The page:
• Although fungicide levels will be high in the soil they are lower inside the roots;
  • High soil fungicide levels can kill off fungae in the soil, but not fungae inside the roots;
  • When soil fungicide levels fall, root fungal tissue will recover and grow a new network out into the soil;
  • We don’t recommend the use of systemic fungicides.

The effects of fungicides on bio stimulants.

Fungicide Active Ingredient

ecto mycorrhizal fungi

VAM mycorrhizal fungi

trichoderma sp

Azoxystrobin

None

Negative

Captan

None

Generally negative

Negative

Chlorothalonil

Generally negative

Negative

Fludioxonil

None

Fosetyl aluminium

None

Negative

Iprodione

Negative

None

Mancozeb

Negative

None

Metalaxyl

None

Negative

Paclobutrazol

None

Propamocarb

None

Propiconazole

Negative

Negative

Terrazole

Negative

Triadimenol

Negative

Is there a role for biostimulants in turf?

 

The short answer is yes. But only when using products that have good non biased trial data. Avoid using products because they have a nice brochure or the company that markets them tells you they work. Also if you can’t verify any claims avoid using it and if it hasn’t got an expiry date keep well away.

  • Always ask for a certificate of analysis;
  • Check on the expiry date and if it doesn’t have one ask why not?
  • Watch what fungicides you use. If you don’t these are going to kill the very thing you are trying to encourage.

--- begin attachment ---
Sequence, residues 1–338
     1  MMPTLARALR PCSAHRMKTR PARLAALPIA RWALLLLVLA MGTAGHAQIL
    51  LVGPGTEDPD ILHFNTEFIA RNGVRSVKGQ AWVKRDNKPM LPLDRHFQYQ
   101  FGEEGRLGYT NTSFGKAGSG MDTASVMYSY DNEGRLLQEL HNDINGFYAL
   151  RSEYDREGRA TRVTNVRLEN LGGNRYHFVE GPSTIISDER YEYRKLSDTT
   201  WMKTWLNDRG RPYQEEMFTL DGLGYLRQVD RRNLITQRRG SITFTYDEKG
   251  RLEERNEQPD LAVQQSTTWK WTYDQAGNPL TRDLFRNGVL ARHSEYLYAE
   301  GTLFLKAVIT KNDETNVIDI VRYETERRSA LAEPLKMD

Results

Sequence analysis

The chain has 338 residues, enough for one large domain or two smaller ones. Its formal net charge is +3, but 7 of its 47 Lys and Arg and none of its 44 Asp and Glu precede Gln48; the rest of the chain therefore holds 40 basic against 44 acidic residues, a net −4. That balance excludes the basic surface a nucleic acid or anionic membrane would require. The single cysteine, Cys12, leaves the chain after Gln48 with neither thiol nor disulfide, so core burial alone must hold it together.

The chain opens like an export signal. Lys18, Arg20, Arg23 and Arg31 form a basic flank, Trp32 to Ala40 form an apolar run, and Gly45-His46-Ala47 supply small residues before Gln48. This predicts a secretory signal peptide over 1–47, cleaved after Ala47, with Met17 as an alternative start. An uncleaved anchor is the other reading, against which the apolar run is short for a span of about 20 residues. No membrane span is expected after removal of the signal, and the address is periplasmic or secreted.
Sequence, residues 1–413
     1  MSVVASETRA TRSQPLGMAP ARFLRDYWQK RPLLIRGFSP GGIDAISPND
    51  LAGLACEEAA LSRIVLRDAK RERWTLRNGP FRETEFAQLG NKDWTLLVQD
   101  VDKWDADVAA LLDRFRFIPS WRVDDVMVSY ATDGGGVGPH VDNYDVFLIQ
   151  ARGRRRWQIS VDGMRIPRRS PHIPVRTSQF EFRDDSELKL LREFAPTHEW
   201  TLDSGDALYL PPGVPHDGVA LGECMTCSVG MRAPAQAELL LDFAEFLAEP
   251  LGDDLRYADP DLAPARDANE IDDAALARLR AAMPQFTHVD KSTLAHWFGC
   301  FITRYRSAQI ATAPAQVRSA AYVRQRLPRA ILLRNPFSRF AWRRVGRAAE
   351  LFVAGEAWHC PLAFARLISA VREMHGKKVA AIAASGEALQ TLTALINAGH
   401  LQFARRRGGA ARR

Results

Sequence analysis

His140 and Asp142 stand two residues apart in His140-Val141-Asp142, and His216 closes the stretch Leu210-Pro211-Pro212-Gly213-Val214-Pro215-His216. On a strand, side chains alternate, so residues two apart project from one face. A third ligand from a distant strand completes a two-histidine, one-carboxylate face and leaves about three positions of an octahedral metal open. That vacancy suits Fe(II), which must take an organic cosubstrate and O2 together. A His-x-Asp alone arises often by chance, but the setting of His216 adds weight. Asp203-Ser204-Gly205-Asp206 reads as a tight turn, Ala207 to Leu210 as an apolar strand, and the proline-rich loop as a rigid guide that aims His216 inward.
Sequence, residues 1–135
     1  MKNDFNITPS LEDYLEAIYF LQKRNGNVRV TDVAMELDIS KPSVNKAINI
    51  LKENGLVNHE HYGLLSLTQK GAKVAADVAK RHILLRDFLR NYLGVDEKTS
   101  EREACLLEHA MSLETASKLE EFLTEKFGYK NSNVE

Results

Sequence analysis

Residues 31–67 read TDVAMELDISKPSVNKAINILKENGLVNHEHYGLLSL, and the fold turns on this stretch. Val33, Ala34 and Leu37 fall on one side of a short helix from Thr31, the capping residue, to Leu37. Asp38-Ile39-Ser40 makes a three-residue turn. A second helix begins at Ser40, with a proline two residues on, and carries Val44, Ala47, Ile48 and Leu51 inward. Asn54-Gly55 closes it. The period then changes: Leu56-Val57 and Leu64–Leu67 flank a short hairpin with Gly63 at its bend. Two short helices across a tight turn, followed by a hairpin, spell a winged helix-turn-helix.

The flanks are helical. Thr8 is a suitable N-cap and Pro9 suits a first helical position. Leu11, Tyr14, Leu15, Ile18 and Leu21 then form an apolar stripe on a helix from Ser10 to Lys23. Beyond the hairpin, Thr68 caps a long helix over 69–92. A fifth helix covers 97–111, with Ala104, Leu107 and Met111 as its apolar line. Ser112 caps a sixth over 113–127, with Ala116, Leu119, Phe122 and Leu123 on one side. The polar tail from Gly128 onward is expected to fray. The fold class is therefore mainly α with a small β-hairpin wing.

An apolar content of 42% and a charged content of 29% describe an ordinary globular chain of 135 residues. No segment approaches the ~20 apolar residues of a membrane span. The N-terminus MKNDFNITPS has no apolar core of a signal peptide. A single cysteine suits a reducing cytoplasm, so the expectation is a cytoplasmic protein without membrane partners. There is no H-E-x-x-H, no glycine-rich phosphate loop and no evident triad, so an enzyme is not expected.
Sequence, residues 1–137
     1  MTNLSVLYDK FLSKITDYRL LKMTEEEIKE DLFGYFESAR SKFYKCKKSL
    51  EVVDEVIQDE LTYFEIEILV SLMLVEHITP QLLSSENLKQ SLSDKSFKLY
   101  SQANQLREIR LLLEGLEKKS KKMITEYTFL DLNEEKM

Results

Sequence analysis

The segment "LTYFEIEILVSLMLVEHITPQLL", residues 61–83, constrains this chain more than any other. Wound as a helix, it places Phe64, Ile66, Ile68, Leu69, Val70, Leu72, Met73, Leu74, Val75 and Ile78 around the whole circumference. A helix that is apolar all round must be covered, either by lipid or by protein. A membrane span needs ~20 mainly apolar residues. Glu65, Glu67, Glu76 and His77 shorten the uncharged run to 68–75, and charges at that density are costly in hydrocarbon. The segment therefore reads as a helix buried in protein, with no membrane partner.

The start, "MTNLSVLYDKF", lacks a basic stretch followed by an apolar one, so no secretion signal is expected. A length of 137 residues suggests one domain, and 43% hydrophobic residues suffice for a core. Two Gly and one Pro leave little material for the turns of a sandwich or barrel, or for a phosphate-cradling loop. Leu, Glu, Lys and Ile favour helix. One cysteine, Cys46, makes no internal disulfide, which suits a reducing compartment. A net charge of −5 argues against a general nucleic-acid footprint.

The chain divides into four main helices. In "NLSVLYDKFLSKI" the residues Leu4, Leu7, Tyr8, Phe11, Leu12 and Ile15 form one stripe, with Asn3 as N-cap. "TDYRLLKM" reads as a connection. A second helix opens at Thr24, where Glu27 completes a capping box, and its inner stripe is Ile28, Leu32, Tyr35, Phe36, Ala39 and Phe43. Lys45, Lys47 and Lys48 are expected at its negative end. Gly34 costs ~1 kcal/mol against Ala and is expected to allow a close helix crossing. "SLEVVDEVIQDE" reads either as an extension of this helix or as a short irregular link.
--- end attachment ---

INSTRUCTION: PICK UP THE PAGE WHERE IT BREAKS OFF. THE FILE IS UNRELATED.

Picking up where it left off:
As a final note we often carry out product tests on behalf of clients. Recent tests on a VAM containing liquid from two laboratories were:

Results indicate that 2 types of yeasts dominate the product and there is no presence of VAM. Contact the manufacturer of the product, and carry out further testing to verify results”.

The role of bio stimulants in turf.

Biostimulant

Grass Type

Increase Drought tolerance

Root Growth

Increase shade tolerance

Reduce disease

Improve flood tolerance

Increase Photosynthesis 

Enhance salinity tolerance

Seaweed

C3

  ♦♦

  ♦

♦♦

  ♦

  ♦

C4

  ♦

  ♦♦

  ♦

Humic acid

C3

  ♦

  ♦♦

♦♦

  ♦

  ♦

C4

  ♦♦

  ♦

  ♦

Triazole Fungicide

C3

  ♦

  ♦♦

♦♦♦

  ♦

  ♦

Amino acid

C3

  ♦

♦♦

  ♦

  ♦♦

Silica

C3

  ♦

♦♦

  ♦

Trinexapac

C3

  ♦

♦♦

  ♦

FAQ

What are examples of biostimulants?

Good examples are seaweed extracts, salicylic acid derivatives, amino acids, and rooting compounds used for plant cuttings.

What is the difference between a biostimulant and a fertiliser?

A fertiliser generally gives a growth response. A biostimulant doesn’t necessarily give a growth response but even when used at very low rates, they can increase root growth or improve the ability of a plant to cope with stress.

Do biostimulants work on lawns?

The simple answer is yes if used at the correct rates, at the right time and on the right grass. Always remember that more isn’t necessary a good thing and label rates are for a reason.

The information on this website is for general purposes only. The information is provided by Gilba Solutions and while we try to keep it up to date and correct, we make no representations or warranties of any kind, express or implied, about the completeness, accuracy, reliability, or suitability with respect to the website or the information, products, or services, on the website for any purpose.